When cornered by reporters, Romulo made the same claims, and insisted that he had no participation at all in the Impsa deal.

"I never acted on any of these issues...I did not sign anything," Romulo said.

Romulo added it is up to resigned Justice Secretary Perez to explain why he issued the controversial DoJ opinion that "gave financial closure to the Impsa deal" when Perez appears before the Osmeña committee.

DoJ Undersecretary Merciditas Gutierrez attempted to defend Perez saying it had never been a standard operating procedure of the department to route back to the DoF each legal opinion, adding there were no deviations from the normal practice that the agency made in dealing with Impsa contract.

But Tuquero contradicted this, saying contracts of this nature should be coursed through again to the DoF and other concerned agencies such as the National Power Corp. (Napocor).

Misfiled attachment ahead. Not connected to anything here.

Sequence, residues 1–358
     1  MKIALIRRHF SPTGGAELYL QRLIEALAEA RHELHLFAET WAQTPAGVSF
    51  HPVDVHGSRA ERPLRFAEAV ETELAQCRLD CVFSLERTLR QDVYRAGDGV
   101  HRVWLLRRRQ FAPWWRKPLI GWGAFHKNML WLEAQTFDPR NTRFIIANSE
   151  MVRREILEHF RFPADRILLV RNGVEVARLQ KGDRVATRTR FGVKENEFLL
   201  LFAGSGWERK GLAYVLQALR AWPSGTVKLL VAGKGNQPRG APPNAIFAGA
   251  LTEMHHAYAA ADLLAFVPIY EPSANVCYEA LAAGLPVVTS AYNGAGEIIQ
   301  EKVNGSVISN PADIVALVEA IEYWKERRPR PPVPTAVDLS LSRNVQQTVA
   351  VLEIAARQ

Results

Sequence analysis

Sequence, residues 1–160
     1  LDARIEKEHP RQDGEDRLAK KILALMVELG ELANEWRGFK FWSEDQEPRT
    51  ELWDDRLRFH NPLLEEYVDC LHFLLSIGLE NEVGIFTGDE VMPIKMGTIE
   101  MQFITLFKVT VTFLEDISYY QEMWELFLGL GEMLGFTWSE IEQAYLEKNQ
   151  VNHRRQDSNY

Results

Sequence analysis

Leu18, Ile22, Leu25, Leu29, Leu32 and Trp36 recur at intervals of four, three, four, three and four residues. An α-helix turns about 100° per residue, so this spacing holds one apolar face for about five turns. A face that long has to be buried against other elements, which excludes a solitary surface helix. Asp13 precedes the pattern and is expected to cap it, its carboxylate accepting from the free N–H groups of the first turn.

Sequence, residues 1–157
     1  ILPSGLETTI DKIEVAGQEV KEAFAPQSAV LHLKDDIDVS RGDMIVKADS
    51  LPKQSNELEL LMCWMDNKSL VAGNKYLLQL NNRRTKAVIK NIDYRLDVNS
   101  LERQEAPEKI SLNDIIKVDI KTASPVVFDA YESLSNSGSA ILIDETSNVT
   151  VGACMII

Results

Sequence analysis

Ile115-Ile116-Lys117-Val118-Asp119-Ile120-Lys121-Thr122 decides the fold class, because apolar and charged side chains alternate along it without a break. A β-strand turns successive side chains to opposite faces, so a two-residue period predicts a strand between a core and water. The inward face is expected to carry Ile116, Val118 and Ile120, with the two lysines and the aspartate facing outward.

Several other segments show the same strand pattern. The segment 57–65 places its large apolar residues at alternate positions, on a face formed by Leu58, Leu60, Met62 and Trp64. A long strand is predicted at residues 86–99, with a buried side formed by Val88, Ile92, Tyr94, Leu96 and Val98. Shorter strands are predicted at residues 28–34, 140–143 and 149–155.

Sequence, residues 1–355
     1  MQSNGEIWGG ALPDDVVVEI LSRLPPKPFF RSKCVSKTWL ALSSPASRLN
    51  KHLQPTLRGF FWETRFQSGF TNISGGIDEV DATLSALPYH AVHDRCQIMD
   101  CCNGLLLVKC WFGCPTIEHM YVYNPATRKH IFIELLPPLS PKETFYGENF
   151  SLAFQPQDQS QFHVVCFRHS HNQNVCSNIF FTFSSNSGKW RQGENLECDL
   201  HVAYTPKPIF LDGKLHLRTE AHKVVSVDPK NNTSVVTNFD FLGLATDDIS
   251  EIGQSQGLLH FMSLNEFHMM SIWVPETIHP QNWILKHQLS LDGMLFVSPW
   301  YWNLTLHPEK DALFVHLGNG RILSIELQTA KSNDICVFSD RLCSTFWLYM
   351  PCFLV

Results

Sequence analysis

Osmeña said he would have to summon the so-called lenders in the subsequent hearings.

"We will invite the banks and we will subpoena the documents here," he said, adding the legal opinion of Perez was directed actually to the banks, an issue that bolsters allegations on the existence of government guarantee.

"The direct damage to this is that we are pinned down. It becomes direct guarantee which means that in any eventuality or if something goes wrong with Impsa or the Napocor, all of their liabilities would be addressed to the DoF or to the National Treasury," Osmeña said.

He added the grant of direct government guarantee to the Argentine firm Impsa to undertake the CBK project constitutes a violation of the Build-Operate-Transfer Law.